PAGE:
If you’re going to run the entirety of South Carolina following U.S. Highway 21, you might as well start up above Rock Hill and end your week-long journey in Beaufort, the pot at the end of the proverbial rainbow. If you’re Maggie Seymour, the former active-duty and current reservist Marine who ran that exact route at the beginning of March, you also might as well end that Beaufort-specific run on the Spanish Moss Trail.
“I knew I wanted to end at Port Royal, where the trail ends, and wanted to run through the capital, so I chose a direct route from north to south,” said Seymour. “I always get an energy boost running through cities, but as a small town girl, I love seeing the uniqueness and common threads of the rural villages that dot each state.”
For Seymour, it’s all part of a master plan to run the length of all 50 states, inspired by a transcontinental run across the breadth of America she completed in 2017. She started with South Carolina for this, however, because it’s her current haven, though the native Midwesterner readily admits her love of the Lowcountry came slowly.
Moving here to finish her dissertation for Old Dominion University, she enjoyed the peace and quiet the area offered as a restful spot to recover from her transcontinental run. It wasn’t long after she moved that she also realized she needed to get back into running “off-road” and in nature, which led her to the Spanish Moss Trail.
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“Through some Pat Conroy audiobooks and a few miles around the area, I fell in reluctant love with South Carolina,” said Seymour. “I didn’t have a lot of friends in the area and didn’t get out much, so it was refreshing to be out on the pavement with other runners, walkers, and bikers.”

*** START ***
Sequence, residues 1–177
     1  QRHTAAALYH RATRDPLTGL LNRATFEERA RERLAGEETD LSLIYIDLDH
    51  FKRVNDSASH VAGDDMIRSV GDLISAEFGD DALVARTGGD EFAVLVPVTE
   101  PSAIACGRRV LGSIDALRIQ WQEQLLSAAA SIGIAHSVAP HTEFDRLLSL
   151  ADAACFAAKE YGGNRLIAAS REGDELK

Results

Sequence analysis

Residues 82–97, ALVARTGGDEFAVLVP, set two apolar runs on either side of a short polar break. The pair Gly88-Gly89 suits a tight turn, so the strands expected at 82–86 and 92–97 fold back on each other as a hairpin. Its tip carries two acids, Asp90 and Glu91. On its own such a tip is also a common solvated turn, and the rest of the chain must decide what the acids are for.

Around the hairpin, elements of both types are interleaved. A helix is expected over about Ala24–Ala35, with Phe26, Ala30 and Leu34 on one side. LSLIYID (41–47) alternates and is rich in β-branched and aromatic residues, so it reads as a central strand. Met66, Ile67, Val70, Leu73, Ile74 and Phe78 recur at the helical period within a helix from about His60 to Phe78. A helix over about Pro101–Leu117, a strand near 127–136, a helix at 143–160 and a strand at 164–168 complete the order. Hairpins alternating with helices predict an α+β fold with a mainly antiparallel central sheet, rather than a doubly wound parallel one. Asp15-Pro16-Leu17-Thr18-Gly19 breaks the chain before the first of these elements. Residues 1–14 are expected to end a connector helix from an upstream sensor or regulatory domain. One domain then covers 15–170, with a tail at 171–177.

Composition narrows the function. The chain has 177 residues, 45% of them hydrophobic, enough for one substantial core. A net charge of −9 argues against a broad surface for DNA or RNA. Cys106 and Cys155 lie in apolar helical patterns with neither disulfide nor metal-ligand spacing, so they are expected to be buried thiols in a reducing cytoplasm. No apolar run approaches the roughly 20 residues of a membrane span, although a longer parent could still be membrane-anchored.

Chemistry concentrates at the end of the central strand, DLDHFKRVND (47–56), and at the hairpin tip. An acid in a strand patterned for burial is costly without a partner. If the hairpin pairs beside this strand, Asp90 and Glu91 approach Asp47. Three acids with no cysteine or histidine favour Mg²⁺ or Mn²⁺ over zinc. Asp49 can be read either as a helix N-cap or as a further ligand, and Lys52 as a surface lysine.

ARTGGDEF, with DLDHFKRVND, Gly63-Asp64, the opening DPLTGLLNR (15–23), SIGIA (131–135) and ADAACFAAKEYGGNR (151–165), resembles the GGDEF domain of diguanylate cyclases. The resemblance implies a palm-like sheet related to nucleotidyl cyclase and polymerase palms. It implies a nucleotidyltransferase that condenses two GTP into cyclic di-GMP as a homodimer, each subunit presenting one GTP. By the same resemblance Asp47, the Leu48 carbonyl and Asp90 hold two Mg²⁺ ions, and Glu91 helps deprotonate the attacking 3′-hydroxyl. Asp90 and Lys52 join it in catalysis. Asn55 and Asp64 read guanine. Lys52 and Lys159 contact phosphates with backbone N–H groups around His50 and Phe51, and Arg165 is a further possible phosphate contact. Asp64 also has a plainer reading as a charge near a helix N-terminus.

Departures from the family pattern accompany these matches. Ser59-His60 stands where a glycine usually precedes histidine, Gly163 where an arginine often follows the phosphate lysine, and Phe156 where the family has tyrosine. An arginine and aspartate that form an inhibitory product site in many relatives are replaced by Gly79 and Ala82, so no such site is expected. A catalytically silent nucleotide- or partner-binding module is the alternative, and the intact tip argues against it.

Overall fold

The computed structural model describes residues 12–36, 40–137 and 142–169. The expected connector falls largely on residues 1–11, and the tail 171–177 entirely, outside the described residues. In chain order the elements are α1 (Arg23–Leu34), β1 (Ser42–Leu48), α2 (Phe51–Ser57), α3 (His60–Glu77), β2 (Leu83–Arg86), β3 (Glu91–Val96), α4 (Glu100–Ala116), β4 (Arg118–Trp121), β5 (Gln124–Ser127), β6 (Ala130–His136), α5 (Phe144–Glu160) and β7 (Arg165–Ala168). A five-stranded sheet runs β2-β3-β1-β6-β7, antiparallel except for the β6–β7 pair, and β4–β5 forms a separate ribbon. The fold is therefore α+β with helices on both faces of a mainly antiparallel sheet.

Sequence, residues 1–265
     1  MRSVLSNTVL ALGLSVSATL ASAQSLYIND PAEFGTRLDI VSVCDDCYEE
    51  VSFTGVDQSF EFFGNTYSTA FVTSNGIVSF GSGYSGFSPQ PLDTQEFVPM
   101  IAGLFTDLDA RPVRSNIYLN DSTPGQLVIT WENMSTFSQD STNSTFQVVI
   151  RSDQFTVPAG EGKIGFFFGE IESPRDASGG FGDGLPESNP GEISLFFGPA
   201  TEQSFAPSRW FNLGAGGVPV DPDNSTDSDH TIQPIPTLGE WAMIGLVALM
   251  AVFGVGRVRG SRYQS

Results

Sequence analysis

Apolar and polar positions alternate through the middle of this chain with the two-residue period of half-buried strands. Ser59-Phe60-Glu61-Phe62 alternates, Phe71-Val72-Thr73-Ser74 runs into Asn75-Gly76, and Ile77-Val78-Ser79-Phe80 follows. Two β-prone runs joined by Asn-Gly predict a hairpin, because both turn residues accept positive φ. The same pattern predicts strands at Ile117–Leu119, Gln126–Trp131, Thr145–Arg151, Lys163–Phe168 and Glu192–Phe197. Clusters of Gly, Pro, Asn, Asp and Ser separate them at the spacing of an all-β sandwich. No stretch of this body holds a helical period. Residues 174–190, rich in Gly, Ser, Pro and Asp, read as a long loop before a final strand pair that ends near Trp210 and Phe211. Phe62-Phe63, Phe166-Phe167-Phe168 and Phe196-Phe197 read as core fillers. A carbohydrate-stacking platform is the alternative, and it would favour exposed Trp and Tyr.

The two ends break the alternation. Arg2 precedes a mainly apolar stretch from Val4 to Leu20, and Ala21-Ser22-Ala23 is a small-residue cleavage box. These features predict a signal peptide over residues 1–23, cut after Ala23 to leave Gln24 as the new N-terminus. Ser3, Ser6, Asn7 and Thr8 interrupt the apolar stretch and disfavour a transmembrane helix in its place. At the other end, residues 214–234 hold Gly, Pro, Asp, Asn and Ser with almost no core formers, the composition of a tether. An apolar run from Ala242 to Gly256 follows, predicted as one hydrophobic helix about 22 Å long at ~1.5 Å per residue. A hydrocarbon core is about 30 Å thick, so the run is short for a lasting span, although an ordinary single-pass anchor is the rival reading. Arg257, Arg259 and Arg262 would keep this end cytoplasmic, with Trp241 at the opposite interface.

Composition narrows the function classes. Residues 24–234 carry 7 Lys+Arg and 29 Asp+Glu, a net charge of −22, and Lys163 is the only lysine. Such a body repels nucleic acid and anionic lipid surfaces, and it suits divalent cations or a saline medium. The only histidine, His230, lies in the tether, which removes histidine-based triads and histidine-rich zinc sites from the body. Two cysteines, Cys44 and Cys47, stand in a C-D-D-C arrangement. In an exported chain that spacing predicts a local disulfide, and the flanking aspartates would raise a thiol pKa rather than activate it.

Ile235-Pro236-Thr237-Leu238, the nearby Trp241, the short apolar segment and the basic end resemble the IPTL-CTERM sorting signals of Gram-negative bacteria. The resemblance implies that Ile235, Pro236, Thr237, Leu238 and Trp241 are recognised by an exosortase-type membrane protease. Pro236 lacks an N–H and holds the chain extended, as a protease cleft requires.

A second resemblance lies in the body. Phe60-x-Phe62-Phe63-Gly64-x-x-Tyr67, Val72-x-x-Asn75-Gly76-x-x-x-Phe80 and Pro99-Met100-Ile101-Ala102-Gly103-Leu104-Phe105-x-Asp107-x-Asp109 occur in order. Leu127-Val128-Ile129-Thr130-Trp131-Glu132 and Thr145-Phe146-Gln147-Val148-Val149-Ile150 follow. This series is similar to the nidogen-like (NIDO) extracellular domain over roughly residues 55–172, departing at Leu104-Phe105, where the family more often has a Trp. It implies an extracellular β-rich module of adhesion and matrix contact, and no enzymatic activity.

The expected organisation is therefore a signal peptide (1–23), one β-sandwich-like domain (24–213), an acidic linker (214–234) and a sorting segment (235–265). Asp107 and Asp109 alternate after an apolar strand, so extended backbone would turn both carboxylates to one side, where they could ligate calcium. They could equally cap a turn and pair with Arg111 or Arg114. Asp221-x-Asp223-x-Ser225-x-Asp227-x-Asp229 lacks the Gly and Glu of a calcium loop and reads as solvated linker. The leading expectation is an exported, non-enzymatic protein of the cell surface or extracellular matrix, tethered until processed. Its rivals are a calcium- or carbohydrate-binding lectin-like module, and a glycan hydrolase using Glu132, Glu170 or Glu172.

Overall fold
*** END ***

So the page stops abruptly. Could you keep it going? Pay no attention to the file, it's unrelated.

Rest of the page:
That renewal of spirit may have helped in the renewal of body as well, as the struggle to get back into daily running after the long transcontinental run was all too real. Sometimes it’s not just the years, it’s the mileage.
“It took everything I had to even get out on the road, knowing I would be facing frustration,” said Seymour.
The trail, with foliage covering even the most brutal summer sun and access points all along, was “perfect for getting back into running” for Seymour. It’s no wonder, then, that she chose the Friends of the Spanish Moss Trail to be the recipient of charitable funds from sponsors and donors covering her run through the state.
“It’s a really good use of funds with the trail because you can see how the trail expands throughout the community and brings it together,” she said.
Like all good races, she’s hoping additional funds will also help begin the race to complete the trail’s connector to the Waterfront Park, despite any reservations.
While our tangible local trail finished her route, her expedition through the state took her through other trails in wonderful places, like Lancaster and Lexington and Lugoff, even if she saved the Lowcountry for last. Averaging nearly 30 miles a day, her waves to passersby were mostly met with smiles and sometimes offers of rides. By her third day, she was already in Columbia and past the point of accepting the Uber most of us would have arranged miles before.
Spanish Moss Trail
Even if it was, in her words, “nice to come home to a familiar place,” it was also undoubtedly pleasant to find that at other stops along the route, “the less affluent neighborhoods usually have the kindest people.”
There are more trails to come, too, as she’ll soon trek the coastal line in Georgia before heading on to routes in other states, and sweating for other charities, including Massachusetts, Washington and Oregon. There will be other worthy charities to sweat it out for, too, but we can appreciate the early-spring journey that started here among us.
“Trails literally and figuratively connect communities and I love the history and story behind the Spanish Moss Trail — turning an old railway to a community trail is just too poetic,” said Seymour.
Soon, maybe, Beaufort’s trail will become just another stanza in the epic poem of her life.